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Monday, 5 February 2007

Day out in Beverley

We had promised ourselves a hike this weekend in the Yorkshire Wolds - but Nel was (is!) still pretty sick with this bug that seems to be spreading like wildfire round Britain ( see also Cristiana, Will, Jane, Christine, my little brother Richard). Even the local pharmacist, with his plethora of remedies has succumbed. I found this out as he coughed and spluttered his way through an explanation of how the virus is spread, as he was handing over the soluble Paracetomol I was purchasing from his very boutique.

So we decided to visit Beverley - a small market town 10 miles north of Hull. This way, we'd have a day out, but not too taxing. Also there is a sizeable proportion of staff at University of Hull live in Beverley so checking out real estate as well. I heard the first non-English accents I've heard (since coming here) in a cafe.

If I may digress for a second... I was going to describe the above cafe as 'nice'. However, the English (particularly among Brits) overuse the word 'nice' in a similair-but-opposite fashion to North Americans over-use of 'awesome'. For example, someone delivering a Tim Hortons to your desk is not always 'awesome'. The Grand Canyon probably is, and I know, from personal experience, that getting attacked by a black bear is, but a Tim Horton's coffee? Conversely, I've heard an English person describe the aurora borealis as 'nice'. With no exclamation mark.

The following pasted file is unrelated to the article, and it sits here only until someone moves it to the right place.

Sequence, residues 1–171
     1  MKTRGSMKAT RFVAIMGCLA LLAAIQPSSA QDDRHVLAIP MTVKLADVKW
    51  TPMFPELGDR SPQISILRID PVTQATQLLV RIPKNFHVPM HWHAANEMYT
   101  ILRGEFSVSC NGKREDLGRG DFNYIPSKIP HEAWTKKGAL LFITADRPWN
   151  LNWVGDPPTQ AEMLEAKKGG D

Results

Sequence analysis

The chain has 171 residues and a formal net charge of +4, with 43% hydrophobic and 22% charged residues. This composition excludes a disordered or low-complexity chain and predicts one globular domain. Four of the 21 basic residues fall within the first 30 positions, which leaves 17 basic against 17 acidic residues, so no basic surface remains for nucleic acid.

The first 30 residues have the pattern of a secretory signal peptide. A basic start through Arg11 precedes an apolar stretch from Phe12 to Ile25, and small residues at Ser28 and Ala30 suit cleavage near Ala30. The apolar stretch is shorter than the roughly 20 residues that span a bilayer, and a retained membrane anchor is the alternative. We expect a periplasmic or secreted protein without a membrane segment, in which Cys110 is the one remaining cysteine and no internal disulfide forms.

So, to continue, the cafe was not 'nice', it was awesome. The interesting thing about hearing these non-English people speak English (with a Swedish or Norwegian accent) was that I understood what they were saying better than I currently understand the locals.

Wrapping up, Beverley is very n....ear and picturesque. Our photos do'nt really do it justice. Consider it as a place to live? Definitely on the list of possibles? Maybe in the future. It has one serious drawback, which is that it is a hub of full-on folk music. We (I) had a truly, truly great pint in the Monks pub (see album) slightly flattened by the cacophony emerging from the back room of geography teachers from Hull singing folk songs about how great it is to be a Cornish miner, in false Lancishire accents. For those of you who may not have the necessary background (accent wise) to appreciate how truly distressing this is, just imagine Celine Dion singing Barratt's Privateers in a fake Newfie accent.

Other news quickly is that Nel's started work, and is enjoying her second day thoroughly after a good breakfast. I'm applying for jobs - there's a great drive here to train tradespeople and there are several local colleges where training is offered to kids. Many of the training posts are sessional, needing no formal teaching quals, with further career training (to the tutors) offered, so I've applied for a few jobs there - a very exciting possibility.

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